Neck Deep are the new kids of pop-punk when we compare them to such legends as Blink-182 and Fall Out Boy, but boy... have they made an impact. The Welsh 5-piece released Life's Not Out To Get You a little after their debut album and it catapulted them to the top of the modern pop-punk scene and for right reason. The album captures something that everyone can relate to; views on the world around us, relationship problems, hometown pride and more.
The main appeal of this record is really in its spirt. These guys made this album and wrote these songs in a genre that has been around for years, they weren't breaking new ground but they were determined to make a record that could compete with the legends in this scene and thats what happened. With songs so catchy theres no way this album could have been a let down.
"Can't Kick Up The Roots" and "Gold Steps" being the lead singles, and such classics as "This Beach Is For Lovers (Not Lonely Losers)" and "I Hope This Comes Back To Haunt You" being part of the rest, just the songs on this album turn it into a classic pop-punk record. We may have to wait a few years to see the impact this record makes in the long run, but for now, it's doing a pretty good job.
The Wonder Years - Suburbia I've Given You All and Now I'm Nothing
The Philadelphia band's second album is perhaps their greatest accomplishment. Perhaps. They do have an incredible discography that I would recommend to anyone, but Suburbia... is possibly the best they have to give the world. The brutal honestly shown through these songs is enough to give it high status but along with the melodies given by this album, thats really what makes it shine.
Dan Campbell is no doubt an incredible songwriter, being able to talk about subjects in a way that puts the lister in his position; songs such as "You Made Me Want To Be A Saint" perfectly show this, but then songs like "Came Out Swinging, Don't Let Me Cave In" and "Woke Up Older" provide choruses that will stick in your head for days.
The real appeal of this album is that its an honest representation of this band and what they think, go through and have gone through and there something strangely intimate about the experience of putting yourself into their shoes and, if you listen well enough, seeing through their eyes for an hour or two.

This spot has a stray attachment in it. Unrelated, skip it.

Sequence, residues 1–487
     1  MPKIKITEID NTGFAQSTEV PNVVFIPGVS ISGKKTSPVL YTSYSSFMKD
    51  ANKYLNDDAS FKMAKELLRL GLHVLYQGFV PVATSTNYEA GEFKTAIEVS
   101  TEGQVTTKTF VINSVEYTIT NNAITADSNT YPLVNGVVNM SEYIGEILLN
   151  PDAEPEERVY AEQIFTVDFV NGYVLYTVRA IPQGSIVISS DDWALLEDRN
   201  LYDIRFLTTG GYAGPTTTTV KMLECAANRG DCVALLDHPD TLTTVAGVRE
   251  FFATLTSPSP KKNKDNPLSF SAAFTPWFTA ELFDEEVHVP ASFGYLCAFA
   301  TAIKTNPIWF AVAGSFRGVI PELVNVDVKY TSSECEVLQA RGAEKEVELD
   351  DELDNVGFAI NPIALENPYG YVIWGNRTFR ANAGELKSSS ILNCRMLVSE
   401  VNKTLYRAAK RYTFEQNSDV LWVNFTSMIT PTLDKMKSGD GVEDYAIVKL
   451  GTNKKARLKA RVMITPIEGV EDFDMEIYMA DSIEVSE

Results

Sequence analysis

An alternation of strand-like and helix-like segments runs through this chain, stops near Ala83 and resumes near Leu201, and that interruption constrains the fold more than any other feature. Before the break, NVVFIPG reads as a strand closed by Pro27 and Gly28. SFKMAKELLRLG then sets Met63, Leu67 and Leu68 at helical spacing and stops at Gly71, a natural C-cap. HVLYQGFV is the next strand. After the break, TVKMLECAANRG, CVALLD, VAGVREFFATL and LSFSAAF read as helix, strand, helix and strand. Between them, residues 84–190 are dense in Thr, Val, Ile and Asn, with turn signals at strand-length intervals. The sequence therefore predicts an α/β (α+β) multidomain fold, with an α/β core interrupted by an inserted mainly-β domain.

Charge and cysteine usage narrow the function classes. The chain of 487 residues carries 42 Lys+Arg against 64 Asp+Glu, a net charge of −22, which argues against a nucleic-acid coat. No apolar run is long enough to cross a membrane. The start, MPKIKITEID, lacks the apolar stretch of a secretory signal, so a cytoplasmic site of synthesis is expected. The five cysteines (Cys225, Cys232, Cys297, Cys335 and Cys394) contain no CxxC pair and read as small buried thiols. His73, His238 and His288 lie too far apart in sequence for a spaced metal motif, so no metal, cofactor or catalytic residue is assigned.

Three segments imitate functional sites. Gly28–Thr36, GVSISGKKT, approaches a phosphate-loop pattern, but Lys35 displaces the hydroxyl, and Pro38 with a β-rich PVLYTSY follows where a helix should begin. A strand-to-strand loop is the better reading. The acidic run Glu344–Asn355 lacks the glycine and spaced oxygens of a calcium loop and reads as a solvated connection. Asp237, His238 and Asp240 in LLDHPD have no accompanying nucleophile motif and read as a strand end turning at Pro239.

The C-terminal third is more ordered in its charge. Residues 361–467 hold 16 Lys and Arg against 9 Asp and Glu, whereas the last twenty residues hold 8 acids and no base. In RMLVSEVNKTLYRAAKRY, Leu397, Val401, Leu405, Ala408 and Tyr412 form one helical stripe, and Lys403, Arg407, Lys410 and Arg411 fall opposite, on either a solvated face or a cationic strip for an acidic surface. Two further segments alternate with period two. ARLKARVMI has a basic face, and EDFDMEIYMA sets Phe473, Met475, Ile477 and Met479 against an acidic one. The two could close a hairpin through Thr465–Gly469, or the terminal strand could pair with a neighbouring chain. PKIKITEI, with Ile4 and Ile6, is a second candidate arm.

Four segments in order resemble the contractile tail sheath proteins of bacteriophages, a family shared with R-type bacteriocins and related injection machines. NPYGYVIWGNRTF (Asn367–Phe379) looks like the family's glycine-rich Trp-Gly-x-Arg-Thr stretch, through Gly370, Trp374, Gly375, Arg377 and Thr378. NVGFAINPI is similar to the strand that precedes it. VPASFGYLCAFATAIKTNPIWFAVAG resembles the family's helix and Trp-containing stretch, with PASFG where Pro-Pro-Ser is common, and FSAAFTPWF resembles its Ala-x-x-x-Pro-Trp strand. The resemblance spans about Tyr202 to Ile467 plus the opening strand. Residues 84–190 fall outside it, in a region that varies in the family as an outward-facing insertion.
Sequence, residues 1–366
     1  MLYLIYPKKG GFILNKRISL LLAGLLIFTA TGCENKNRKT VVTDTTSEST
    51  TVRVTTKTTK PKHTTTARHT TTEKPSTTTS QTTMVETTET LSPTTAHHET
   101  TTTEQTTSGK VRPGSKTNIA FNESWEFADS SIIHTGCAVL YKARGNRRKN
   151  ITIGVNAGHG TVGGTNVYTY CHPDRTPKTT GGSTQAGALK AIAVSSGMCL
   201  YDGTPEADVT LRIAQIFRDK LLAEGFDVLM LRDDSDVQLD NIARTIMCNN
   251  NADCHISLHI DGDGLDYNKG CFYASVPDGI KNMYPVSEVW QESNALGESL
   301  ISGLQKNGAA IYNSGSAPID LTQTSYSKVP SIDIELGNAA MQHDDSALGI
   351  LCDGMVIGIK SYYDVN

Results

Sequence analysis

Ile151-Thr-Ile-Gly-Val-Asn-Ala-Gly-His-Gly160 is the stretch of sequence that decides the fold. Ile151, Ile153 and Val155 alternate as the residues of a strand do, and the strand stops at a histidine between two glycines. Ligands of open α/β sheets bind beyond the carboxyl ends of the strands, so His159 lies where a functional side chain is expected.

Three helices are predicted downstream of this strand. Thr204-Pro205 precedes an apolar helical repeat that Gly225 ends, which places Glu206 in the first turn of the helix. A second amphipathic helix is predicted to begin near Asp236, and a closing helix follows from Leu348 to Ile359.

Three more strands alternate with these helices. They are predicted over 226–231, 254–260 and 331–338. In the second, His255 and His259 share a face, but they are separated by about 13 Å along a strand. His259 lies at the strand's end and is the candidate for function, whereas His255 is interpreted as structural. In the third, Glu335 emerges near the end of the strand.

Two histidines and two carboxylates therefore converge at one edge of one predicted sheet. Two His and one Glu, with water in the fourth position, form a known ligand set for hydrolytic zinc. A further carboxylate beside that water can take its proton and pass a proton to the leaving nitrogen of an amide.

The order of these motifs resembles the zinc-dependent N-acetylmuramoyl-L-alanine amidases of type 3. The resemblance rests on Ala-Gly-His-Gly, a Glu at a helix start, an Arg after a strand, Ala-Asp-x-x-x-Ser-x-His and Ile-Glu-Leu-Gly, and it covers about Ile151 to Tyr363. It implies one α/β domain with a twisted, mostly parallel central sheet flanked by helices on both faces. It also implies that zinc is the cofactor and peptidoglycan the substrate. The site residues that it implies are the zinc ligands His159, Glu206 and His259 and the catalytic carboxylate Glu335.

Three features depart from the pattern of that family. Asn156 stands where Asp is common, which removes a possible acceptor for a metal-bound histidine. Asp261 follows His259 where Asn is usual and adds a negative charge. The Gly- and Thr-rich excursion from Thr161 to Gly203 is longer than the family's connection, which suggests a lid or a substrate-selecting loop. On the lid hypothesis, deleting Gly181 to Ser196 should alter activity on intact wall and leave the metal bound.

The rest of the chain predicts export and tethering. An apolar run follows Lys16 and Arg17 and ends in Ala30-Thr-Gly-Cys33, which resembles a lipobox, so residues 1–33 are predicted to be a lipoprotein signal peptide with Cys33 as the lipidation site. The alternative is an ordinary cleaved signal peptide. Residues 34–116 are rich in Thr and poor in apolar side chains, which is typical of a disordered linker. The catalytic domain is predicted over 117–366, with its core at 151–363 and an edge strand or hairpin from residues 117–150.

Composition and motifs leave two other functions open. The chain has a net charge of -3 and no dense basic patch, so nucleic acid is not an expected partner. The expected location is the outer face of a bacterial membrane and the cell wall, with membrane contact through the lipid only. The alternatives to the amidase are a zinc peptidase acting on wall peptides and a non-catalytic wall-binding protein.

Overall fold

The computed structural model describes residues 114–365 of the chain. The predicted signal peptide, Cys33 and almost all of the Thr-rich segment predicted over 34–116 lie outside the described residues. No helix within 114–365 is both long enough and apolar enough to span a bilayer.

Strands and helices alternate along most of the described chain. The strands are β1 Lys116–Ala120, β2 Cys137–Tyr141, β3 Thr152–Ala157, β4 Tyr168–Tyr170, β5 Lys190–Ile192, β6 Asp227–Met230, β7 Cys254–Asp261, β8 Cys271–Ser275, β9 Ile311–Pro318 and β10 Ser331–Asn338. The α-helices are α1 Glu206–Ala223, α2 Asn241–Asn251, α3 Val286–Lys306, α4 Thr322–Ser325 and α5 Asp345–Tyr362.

Green Day - Dookie
Dookie by Green Day. Dookie by Green Day. Dookie... by Green Day. I honestly debated putting this record onto this list due to the fact I doubt anyone reading this wouldn't have heard it or at least heard OF it. But just the sheer greatness and impact of this album persuaded me otherwise. Now me, and many others don't class Green Day as pop-punk but this album truly gave birth to the genre and many of the bands in it today so I think that it more than deserves a place on this list.
Dookie changed everything, bringing rock and punk into the mainstream big time, and letting smaller bands have the spotlight for a change and it truly made Green Day one of the biggest bands in the world, proving that music was for anyone and that even the laziest, dopiest guys could make something so wonderful that it could capture the hearts of thousands, if not millions of people around the world. With songs about masturbation and a lot of it written on drugs, its hard to argue that this album is particularly intellectual but that's the point, it's not and it's not meant to be.
Dookie truly changed the landscape of music at the time, and songs like "Basket Case," "Welcome To Paradise," and "Longview" are still classics that sit alongside songs such as "Coming Clean," a wonderful tale of Billie Joe coming to terms with his bisexuality and hopeless love songs like "She." Dookie will forever go down as a classic and will be studied within music for hopefully, generations.
So there we have it, my list of 5 of the best Pop-Punk records ever. There's many more that I would recommend and would urge you to listen to but frankly talking about these albums has made me want to grab my guitar, tune it to E Flat and write some "four chord" songs.